Microsoft Office Tutorials and References
In Depth Information
Drawing Lines and Shapes
more complex drawing, format each one individually, and even group and merge them to
create a single object that you can format, move, and resize as a single unit.
To learn how to group shapes, see “Working with Object Groups” later in this chapter. Merging shapes
is new in PowerPoint 2013; to learn about it, see “Merging Shapes” later in this chapter.
A vector graphic is one that is based on a mathematical formula, such as one you would
work with in geometry class. For example, if you draw a vector graphic line, PowerPoint
stores the line start point, line endpoint, and line properties (width, color, and so on) as
numeric values. When you move or resize the line, PowerPoint updates these numbers. Most
clip-art images are also vector graphics. In contrast, a scanned image or a photo is a bitmap
graphic, in which each individual colored pixel is represented by a separate numeric value.
This is why bitmap fi les are so much larger than vector fi les — because there are more val-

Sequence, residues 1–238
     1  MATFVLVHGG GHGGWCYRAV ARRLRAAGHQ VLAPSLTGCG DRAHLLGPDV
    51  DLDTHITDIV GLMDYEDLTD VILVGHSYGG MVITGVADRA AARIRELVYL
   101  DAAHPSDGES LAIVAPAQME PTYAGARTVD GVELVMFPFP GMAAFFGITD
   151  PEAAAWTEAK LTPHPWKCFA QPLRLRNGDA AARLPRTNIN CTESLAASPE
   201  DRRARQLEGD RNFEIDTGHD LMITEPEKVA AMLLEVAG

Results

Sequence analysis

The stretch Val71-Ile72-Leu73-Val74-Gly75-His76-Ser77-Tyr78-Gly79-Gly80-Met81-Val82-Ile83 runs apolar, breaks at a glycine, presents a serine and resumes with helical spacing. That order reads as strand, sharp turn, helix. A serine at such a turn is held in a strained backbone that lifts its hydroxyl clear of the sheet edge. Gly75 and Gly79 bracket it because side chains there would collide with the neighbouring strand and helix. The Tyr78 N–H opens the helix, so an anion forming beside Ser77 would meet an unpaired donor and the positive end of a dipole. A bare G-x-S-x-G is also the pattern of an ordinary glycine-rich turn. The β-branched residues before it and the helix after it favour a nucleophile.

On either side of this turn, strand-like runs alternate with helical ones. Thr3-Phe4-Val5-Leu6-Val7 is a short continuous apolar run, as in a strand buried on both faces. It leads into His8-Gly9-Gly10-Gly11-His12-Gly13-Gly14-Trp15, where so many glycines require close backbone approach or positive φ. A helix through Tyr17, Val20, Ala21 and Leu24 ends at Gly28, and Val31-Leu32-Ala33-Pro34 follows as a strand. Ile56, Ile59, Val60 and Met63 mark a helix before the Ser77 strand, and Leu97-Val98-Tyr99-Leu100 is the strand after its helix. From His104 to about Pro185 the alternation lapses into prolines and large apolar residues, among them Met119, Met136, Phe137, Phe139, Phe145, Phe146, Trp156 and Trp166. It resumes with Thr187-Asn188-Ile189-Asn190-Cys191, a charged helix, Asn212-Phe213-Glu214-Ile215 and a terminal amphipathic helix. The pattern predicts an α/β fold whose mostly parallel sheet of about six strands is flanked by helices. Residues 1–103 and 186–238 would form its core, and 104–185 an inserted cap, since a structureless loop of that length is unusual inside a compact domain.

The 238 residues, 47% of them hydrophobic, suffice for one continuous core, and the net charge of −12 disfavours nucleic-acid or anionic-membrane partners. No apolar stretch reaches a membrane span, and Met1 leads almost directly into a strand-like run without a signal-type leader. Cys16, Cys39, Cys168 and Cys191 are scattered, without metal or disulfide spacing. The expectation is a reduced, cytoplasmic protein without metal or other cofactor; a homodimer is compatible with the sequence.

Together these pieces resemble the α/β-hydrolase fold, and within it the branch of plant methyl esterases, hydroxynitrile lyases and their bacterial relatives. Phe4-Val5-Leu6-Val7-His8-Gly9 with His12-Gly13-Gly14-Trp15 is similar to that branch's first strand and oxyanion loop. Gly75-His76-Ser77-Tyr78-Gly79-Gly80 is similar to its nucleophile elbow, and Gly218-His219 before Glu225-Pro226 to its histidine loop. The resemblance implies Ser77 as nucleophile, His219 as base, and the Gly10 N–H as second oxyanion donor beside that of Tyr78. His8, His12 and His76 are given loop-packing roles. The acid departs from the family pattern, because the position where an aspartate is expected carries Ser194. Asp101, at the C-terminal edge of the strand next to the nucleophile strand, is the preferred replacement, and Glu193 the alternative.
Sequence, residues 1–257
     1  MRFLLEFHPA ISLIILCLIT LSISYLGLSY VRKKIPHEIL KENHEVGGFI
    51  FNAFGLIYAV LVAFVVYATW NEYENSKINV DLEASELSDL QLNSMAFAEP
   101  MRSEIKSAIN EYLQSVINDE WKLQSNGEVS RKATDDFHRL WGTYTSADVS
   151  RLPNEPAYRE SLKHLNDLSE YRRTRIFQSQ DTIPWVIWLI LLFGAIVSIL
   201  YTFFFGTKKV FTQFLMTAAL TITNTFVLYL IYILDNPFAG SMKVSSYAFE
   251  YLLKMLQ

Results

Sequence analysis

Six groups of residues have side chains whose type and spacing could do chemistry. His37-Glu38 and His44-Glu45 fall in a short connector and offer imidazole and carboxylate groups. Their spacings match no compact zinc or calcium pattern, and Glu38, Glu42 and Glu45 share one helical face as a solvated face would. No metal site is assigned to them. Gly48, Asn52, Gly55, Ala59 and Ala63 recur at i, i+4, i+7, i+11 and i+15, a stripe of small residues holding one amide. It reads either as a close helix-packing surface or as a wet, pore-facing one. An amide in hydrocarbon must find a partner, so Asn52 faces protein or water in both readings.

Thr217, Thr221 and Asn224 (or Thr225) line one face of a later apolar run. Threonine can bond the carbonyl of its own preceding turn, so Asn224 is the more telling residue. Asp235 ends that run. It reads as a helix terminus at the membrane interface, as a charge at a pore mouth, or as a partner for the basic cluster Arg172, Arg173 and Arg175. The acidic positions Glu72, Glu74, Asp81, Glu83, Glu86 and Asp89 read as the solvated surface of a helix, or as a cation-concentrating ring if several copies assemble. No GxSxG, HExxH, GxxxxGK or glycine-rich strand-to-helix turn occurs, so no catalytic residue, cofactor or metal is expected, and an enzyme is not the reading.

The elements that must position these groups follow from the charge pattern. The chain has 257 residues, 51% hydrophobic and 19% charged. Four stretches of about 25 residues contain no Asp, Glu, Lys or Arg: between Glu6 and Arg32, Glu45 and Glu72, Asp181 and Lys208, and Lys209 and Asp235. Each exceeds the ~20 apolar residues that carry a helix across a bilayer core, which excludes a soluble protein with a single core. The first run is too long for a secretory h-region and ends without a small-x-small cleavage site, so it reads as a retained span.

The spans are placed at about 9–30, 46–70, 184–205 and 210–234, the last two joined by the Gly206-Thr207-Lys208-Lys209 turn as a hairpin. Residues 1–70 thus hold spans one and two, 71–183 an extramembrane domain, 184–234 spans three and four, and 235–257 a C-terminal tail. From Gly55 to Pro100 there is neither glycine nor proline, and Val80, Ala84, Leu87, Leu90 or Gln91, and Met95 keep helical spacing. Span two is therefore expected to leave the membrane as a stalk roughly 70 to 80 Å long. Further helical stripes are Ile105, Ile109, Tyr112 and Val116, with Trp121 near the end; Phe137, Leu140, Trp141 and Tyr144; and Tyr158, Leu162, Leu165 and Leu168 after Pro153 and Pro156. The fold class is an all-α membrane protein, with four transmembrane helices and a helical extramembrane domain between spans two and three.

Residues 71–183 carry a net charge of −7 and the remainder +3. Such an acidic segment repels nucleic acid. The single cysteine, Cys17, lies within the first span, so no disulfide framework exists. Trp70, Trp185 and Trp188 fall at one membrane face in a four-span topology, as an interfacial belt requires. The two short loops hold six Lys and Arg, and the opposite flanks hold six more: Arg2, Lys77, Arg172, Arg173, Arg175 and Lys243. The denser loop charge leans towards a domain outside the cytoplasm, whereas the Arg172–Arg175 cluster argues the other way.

ues to track.
Here are the most important advantages of using vector graphics:
Size. Vector graphics fi les do not require much storage space because not every
pixel of the image needs to be represented numerically.
Scalability. When you resize a vector graphic, the math is recalculated and the
shape is redrawn. This means that the picture is never distorted and its lines never
become jagged the way bitmap graphics do.
The main drawback to vector graphics is their lack of realism. No matter how good an artist
you are, a vector graphic will always have a fl at, cartoonish quality to it.
3-D graphics programs such as AutoCAD are also based on vector graphics. They start out with a wireframe image of
a 3-D object (such as a cube), combine it with other wireframe images to make an object, and then use a rendering
tool to cover the wireframe with a color, pattern, or texture that makes it look more like a real object. Most computer
games also use vector graphics.
Drawing Lines and Shapes
The drawing tools in PowerPoint are the same as in other Offi ce applications. For example,
Word and Excel both have identical toolsets. The Shapes button appears on the Insert tab,
and you can click it to open a menu of the available shapes, as shown in Figure 9.1.
To draw a shape, follow these steps:
1. Select the desired shape from the Shapes palette (Figure 9.1).
2. (Optional) To constrain the dimensions of the shape — for example, to force a
rectangle to be a square — hold down the Shift key.
3. Drag to draw the shape. A silhouette of the shape appears as you drag. Release the
mouse button when you have the shape you want.
 
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